lundi, le 28 septembre 2009
Conventional has never really appealed to me. Particularly not the full catastrophe of conventional with the picket fence, the luxury family sedan in the drive-way, the husband with a successful career in finance and a wardrobe full of various colours of pin-striped suits and matching comfortable, slip-on shoes. The routine of bed at ten, breakfast at seven, fish on Fridays, roast chicken on Sundays and sex under the covers with the lights out, probably on Tuesdays.
To my mind conventional means rigid, inflexible, routined, disciplined, predictable and mostly, boring. I just cannot be most of these things, it just is not me.
I grew up in a household that would probably best be described as off-conventional as opposed to unconventional. There were few rules and lots of freedom. For this I will be eternally grateful.
What attracted me to L’homme was that nothing about him was conventional. He could easily be persuaded to do things spontaneously, impulsively. When we were together, we mostly lived an unconventional life. I was happy to be the financial provider, the home maker, the gracious hostess, the holiday planner. When we lived apart we lived our unconventional lives separately, yet very close together.
I never expected an unconventional life to be easy. At least not for those who live it. I am fine with that, for I have sacrificed a lot and suffered for long and there are many levels on which I will never give in to the expected norm. None of this being easy, but being essential to the person I am.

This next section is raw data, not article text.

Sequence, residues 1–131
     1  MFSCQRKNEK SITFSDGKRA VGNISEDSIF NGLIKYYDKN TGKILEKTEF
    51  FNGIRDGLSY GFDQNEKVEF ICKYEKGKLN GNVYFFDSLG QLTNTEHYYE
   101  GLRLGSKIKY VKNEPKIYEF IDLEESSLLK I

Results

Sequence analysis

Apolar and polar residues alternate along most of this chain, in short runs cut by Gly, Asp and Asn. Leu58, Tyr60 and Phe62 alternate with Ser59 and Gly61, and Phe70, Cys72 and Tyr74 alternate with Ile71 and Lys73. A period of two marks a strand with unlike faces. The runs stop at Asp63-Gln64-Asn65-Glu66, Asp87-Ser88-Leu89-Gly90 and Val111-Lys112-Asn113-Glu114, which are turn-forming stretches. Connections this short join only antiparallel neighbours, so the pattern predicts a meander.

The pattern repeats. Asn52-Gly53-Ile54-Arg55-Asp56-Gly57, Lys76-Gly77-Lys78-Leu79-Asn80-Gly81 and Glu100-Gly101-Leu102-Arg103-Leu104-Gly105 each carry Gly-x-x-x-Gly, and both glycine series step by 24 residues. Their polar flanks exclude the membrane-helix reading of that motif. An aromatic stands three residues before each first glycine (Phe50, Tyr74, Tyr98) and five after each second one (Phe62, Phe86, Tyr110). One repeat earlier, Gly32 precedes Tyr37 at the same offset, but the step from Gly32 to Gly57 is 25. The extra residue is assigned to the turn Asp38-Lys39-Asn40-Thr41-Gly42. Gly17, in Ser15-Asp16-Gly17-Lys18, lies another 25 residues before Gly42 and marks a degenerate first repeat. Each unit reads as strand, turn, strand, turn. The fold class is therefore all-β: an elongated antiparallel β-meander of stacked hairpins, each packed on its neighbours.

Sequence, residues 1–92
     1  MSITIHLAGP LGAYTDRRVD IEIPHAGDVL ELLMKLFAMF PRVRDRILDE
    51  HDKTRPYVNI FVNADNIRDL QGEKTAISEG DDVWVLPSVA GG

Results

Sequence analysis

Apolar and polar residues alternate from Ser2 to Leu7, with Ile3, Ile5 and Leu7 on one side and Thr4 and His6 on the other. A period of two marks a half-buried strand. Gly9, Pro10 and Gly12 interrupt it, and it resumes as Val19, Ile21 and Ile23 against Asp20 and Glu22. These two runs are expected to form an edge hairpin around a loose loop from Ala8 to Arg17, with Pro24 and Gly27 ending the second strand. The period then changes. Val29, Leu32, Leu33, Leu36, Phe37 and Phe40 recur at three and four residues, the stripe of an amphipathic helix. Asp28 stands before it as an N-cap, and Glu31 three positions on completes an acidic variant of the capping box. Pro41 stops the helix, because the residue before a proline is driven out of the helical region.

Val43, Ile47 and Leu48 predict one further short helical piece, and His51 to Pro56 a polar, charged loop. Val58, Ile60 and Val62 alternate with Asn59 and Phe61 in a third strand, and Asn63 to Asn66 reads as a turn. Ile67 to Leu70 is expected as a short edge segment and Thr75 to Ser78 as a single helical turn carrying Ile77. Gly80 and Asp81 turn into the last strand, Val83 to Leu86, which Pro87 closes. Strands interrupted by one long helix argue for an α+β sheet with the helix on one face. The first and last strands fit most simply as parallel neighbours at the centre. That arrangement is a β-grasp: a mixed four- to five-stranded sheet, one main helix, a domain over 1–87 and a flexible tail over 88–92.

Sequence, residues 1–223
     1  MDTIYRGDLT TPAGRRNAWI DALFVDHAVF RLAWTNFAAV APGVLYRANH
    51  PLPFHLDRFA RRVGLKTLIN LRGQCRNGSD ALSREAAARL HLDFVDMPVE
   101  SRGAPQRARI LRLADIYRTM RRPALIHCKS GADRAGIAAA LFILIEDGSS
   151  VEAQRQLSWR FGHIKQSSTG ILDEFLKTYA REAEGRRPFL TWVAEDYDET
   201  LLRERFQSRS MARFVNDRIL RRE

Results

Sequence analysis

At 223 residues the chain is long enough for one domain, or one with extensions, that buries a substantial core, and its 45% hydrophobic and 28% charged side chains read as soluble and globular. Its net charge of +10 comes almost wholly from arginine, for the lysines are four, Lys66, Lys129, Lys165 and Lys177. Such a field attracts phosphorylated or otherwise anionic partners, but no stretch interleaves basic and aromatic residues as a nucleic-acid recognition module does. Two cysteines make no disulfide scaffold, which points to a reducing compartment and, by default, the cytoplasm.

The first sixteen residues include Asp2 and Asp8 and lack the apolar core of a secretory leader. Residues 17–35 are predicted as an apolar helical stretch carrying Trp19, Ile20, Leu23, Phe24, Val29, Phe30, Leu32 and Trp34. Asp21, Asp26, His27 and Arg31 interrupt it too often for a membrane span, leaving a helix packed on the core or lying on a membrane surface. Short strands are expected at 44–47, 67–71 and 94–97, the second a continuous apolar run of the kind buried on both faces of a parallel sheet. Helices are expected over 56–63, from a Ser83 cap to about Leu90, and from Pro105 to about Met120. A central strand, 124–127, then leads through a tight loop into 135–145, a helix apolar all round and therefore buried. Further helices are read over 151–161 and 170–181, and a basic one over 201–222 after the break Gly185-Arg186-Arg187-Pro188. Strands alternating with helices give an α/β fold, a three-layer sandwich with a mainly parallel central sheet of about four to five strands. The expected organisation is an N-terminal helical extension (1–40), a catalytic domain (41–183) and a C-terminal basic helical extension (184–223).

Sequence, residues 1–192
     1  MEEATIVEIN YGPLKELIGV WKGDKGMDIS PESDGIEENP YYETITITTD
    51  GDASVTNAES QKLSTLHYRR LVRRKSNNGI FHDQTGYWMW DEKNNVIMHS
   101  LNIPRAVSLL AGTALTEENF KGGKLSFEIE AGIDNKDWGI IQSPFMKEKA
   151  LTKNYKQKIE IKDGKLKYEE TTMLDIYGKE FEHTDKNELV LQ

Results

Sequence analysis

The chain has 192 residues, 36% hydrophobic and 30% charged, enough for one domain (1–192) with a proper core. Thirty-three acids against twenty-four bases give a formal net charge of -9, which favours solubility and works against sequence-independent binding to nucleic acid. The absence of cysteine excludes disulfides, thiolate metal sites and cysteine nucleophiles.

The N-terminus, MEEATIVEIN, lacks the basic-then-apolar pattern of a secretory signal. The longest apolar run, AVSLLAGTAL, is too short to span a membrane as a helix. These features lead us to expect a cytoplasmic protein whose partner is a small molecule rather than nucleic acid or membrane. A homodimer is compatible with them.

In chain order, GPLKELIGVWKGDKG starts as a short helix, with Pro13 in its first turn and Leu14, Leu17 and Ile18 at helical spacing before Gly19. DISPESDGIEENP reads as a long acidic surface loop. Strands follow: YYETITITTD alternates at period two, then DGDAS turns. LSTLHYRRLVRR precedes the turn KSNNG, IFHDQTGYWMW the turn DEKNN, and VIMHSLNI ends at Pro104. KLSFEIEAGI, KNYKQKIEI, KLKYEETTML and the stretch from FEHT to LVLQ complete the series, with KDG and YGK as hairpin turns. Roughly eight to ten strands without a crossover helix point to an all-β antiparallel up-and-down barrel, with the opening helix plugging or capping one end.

But as the years dragged on, I realised that L’homme held up an image of being unconventional to cover up his dysfunctionality. His easy come, easy go lifestyle was not based on a fundamental understanding of himself, an essential comfort in his own skin. For many years he has been using copious amounts of booze to pretend who he is and who he is not and somehow the real L’homme fell through the cracks.
I was not hallucinating when I was led to believe that L’homme wanted to be with me, wanted to spend the rest of his life with me, and when he said these things, he knew me well. A possible part of L’homme’s dysfunction is his inability to discriminate between the person and what the person offers.
L’homme was happy with everything I offered. The money, the comfortable home, the extravagant holidays, the lavish meals, the wardrobe, the indulgence of him. I now realise that when he said he wanted to be with me, he probably meant he wanted to be with what I offered. This should hold true, because when the offerings became slim, I was no longer Rispa to him, but Nora and Timid Trudy. Funny that, as I am still me.
On the last night L’homme spoke to me before he left, in a belligerent drunken state he accused me of being insane. In fact, he hissed it at me through clenched teeth. I now very strongly suspect that the insanity he bestowed upon me then and since, is merely a projection of his own madness. Certifiable madness runs in his family. Is it in his genes too?
Oh my love, I feel so very, very sorry for you!
But at least you taught me that there is a marked difference between unconventional and dysfunctional. In my usual functional way, I will embrace an unconventional life. This may be the biggest risk I take, but this is what I have to do. I truly wish for you to step off other’s feet and to find your own.
(This is typical of how I confuse things and go against convention. The most popular Arum Lilies are the white, yellow or pink ones, gorgeously shaped like a funnel, wrapping around a yellow spadix. My favourite Arum Lilies are the black ones, with a purple spadix. Beautifully functional as flowers, yet very unconventional. When I saw these at the florist this morning, there was no way I could resist them, even though I nearly mortgaged My Mother just to have a few stems.)
Posted by Rispa Frances at 23:20